Carausius and Allectus: The British Usurpers 214 pages
In the 280s Carausius was the commander of the Roman fleet based in Britain and Gaul, with the task of clearing the seas of pirates. He was so successful and popular in this that he established himself as an independent emperor in 286. In 293 he was murdered by his associate Allectus, who himself was killed in 296 by the Roman army sent to recover the province.
This short episode generated an exceptionally prolific coinage of great historical content; it also represents the first occasion when insular sea power played a major part in British history. In this book John Casey places the reigns of the two usurpers in their historical and geographical context.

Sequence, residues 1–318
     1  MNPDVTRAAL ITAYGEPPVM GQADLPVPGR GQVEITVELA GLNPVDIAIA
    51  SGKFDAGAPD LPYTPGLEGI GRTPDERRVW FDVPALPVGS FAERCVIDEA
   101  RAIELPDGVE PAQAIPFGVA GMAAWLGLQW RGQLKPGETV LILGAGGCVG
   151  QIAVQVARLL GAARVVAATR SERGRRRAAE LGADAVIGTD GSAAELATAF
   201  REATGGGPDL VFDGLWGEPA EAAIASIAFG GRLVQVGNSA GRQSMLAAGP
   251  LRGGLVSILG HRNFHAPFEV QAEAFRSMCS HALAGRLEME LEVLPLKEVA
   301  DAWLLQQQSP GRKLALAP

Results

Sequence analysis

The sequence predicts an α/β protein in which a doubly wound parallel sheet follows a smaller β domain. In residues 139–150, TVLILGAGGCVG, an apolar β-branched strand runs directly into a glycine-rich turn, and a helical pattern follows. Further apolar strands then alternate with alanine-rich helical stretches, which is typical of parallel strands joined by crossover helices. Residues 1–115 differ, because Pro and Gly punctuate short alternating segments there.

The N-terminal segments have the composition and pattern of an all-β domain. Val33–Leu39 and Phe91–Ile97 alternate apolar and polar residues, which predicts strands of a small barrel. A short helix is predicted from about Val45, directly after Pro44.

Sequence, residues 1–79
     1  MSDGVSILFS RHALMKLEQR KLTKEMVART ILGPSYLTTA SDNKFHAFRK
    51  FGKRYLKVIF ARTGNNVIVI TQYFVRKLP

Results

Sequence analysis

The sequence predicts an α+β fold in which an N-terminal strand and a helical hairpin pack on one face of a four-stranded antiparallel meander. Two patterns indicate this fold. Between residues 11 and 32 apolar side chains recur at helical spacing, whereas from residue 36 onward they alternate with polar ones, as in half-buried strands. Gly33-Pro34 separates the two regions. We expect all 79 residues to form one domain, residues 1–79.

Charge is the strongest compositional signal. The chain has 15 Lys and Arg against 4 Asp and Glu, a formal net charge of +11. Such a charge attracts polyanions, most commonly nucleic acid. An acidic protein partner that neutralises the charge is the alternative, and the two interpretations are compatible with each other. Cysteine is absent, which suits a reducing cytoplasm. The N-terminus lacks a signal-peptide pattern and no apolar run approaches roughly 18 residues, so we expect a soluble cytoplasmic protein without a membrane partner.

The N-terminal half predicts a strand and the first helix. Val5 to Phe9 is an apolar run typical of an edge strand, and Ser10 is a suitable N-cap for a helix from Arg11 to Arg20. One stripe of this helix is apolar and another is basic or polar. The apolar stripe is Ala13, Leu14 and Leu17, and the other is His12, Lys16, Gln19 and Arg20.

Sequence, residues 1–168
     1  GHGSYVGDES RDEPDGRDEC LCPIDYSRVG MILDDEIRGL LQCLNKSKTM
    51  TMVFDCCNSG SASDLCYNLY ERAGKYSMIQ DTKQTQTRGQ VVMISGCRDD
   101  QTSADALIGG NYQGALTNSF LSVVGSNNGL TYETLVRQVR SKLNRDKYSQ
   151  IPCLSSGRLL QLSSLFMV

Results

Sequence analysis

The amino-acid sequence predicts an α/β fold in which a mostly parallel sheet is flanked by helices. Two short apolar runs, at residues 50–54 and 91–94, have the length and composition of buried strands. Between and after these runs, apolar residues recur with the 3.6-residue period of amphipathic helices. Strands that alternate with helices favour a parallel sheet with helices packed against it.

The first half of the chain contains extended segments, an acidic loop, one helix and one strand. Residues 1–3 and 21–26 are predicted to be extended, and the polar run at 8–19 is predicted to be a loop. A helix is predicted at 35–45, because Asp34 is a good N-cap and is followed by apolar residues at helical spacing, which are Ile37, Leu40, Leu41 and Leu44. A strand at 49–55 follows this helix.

Based on contemporary, literary and epigraphic evidence as well as modern archaeological discoveries, the book reviews the marine technology of the period. It also outlines the Roman coastal protection strategy, contains an in-depth consideration of the creation of the Carausian image by modern writers from the 18th century onwards.